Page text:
I have been using gluLookAt in my test 3D engine and have devised a spherical coordinate calculation to supply the reference point to the function. My tilt angle goes from 0 to 180 degrees and I noticed that when I was close to those natural extremes, my objects jerked a little. I then set my calculation to keep me 5 degrees away from 0 and 180 but the jerk still remained. I took a look at the gl… calls that make up gluLookAt and noticed that there is a cross product of the UP vector and the vector created by the line of sight. Obviously, when these are close to being parallel, there will be problems. Any ideas on how to improve the performance of gluLookAt at the extreme tilt angles? Maybe make my own function…?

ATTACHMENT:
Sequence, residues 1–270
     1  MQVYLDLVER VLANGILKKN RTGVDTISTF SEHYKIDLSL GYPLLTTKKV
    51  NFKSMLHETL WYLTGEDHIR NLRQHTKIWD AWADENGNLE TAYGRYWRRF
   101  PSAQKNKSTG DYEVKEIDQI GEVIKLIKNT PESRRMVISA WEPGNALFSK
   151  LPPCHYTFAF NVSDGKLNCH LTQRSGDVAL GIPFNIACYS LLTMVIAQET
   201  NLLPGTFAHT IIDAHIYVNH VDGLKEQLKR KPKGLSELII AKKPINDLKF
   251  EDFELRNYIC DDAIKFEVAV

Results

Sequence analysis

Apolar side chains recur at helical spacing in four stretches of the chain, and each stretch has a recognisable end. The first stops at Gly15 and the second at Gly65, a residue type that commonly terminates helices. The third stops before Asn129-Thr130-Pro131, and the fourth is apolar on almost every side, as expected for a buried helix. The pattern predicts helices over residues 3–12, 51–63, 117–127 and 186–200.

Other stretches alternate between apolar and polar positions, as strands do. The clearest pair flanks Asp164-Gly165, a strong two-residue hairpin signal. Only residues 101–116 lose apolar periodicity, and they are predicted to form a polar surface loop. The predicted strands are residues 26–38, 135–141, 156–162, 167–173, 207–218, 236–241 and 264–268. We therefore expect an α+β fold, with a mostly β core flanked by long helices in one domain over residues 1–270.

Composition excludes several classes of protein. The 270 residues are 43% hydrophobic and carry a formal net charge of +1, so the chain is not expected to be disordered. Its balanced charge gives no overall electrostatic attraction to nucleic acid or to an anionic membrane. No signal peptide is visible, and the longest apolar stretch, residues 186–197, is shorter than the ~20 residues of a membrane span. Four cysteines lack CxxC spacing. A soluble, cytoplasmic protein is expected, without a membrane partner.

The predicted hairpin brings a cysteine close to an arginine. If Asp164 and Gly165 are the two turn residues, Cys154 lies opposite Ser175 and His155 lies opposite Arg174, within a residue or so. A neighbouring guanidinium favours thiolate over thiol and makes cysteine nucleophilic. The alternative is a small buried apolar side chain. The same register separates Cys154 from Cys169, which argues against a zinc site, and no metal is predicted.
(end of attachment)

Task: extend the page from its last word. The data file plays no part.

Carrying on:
Correct me if I’m wrong, but shouldn’t the line-of-sight (direction)and the up vector (rotation around direction vector) always form a 90 degree angle (don’t know the english word for it, sorry. I’m from Sweden
Yupp, you are right Lord Chaos. The angle between line-of-sight and the upvector should always be 90 degrees.
The upvector can be a bit hard to understand, but to make it (very) short, it’s pointing upwards relative to the camera, not to the world itself.
If your cameras orientation is determined by pitch and yaw angles (quake-style) then you will be better off setting it up with 2 glRotate calls - one around the x axis, one around the up axis.